NBA sets wheels turning for Clippers sale; Oprah in wings
By Larry Fine
NEW YORK (Reuters) - The NBA set in motion on Wednesday an attempt to force a sale of the Los Angeles Clippers, with Oprah Winfrey signaling interest as a potential buyer, after club owner Donald Sterling was banned for life from pro basketball for racist comments attributed to him.
At least two of the National Basketball Association's 29 other team owners, including the governing board's interim chairman, said they expect the necessary three-fourths majority of owners to back Sterling's full expulsion, a move unprecedented in NBA history.
The advisory finance committee of the board scheduled a meeting on Thursday to review the next steps for removing Sterling as owner of the Clippers, as urged on Tuesday by NBA Commissioner Adam Silver, a league spokeswoman said.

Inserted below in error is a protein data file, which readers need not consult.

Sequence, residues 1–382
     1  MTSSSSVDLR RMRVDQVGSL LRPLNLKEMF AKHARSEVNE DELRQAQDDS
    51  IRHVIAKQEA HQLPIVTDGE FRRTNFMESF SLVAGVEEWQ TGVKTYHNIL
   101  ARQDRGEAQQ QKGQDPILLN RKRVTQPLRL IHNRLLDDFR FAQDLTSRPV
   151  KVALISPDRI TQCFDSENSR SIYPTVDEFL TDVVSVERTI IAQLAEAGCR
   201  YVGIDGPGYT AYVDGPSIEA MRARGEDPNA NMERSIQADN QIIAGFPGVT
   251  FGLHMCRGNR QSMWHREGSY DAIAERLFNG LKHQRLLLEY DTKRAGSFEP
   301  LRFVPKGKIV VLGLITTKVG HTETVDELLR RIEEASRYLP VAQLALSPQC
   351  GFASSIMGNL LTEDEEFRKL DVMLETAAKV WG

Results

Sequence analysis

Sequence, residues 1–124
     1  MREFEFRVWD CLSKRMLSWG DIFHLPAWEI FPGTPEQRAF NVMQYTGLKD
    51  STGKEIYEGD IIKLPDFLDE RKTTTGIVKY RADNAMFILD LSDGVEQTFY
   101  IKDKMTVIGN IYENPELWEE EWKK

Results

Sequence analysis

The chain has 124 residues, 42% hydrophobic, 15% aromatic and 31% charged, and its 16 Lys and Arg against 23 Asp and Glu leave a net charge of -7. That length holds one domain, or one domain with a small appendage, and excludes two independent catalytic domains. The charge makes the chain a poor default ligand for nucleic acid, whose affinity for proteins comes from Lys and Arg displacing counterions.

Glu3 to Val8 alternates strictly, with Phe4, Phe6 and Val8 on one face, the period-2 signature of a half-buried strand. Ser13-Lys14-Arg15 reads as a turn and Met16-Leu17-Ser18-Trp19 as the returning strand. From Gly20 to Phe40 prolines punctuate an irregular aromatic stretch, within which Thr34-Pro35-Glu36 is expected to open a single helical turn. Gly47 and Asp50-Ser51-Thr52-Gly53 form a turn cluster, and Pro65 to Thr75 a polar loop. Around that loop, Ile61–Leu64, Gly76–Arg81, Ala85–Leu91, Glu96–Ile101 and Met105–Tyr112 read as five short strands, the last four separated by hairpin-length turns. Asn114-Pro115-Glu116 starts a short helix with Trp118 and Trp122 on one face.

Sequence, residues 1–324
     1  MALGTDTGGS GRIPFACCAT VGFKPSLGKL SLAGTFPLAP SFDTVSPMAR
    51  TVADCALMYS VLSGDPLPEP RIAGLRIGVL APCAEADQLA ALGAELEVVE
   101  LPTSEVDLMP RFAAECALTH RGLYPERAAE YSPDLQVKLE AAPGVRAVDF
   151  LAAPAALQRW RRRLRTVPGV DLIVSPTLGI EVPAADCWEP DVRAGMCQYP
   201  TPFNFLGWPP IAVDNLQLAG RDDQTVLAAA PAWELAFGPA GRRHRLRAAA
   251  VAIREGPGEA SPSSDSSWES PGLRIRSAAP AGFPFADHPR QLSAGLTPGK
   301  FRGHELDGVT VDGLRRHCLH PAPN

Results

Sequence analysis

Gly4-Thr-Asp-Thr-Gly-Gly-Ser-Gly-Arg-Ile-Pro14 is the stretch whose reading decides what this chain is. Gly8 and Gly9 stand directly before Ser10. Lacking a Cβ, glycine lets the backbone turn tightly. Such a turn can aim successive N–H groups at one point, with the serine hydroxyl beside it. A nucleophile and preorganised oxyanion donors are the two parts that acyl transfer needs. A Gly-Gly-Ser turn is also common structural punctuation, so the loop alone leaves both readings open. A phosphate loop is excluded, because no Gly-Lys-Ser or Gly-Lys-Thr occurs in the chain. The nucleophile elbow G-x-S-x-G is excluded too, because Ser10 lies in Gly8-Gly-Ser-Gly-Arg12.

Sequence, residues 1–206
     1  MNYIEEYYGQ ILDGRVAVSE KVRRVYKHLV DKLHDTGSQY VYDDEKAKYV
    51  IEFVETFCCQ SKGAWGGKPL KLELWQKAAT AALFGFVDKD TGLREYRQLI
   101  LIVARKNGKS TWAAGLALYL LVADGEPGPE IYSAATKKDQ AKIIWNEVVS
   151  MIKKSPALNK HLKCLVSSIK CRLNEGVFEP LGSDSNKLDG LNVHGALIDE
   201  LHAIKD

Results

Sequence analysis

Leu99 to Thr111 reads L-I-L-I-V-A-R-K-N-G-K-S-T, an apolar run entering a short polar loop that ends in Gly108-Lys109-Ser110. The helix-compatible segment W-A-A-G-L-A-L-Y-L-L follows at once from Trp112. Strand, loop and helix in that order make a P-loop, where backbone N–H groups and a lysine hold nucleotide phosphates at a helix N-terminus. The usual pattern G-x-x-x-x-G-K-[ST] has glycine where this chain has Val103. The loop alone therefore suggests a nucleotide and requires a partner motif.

Sterling, who bought the Clippers in 1981 for $13 million when the team was based in San Diego, has not indicated whether he would relinquish ownership without a fight. Experts have estimated that the franchise, which moved to Los Angeles in 1984, could now be worth as much as $800 million.
Moreover, some experts said Sterling's fellow owners might be hesitant to support action they felt might set a precedent that could jeopardize their own property rights in the future.
Still, the move to expel Sterling from the league altogether fanned speculation about potential buyers.
Winfrey's spokeswoman, Nicole Nichols, said the talk show host turned media mogul was in talks with leading Hollywood executive David Geffen and the chief executive officer of computer technology firm Oracle Corp, Larry Ellison, to bid for the team if were to become available.
Geffen, who started two record labels and co-founded the Dreamworks film studio, has expressed interest in the Clippers in the past but never tendered an offer. Winfrey's holdings already include stakes in a cable network and a magazine. Continued...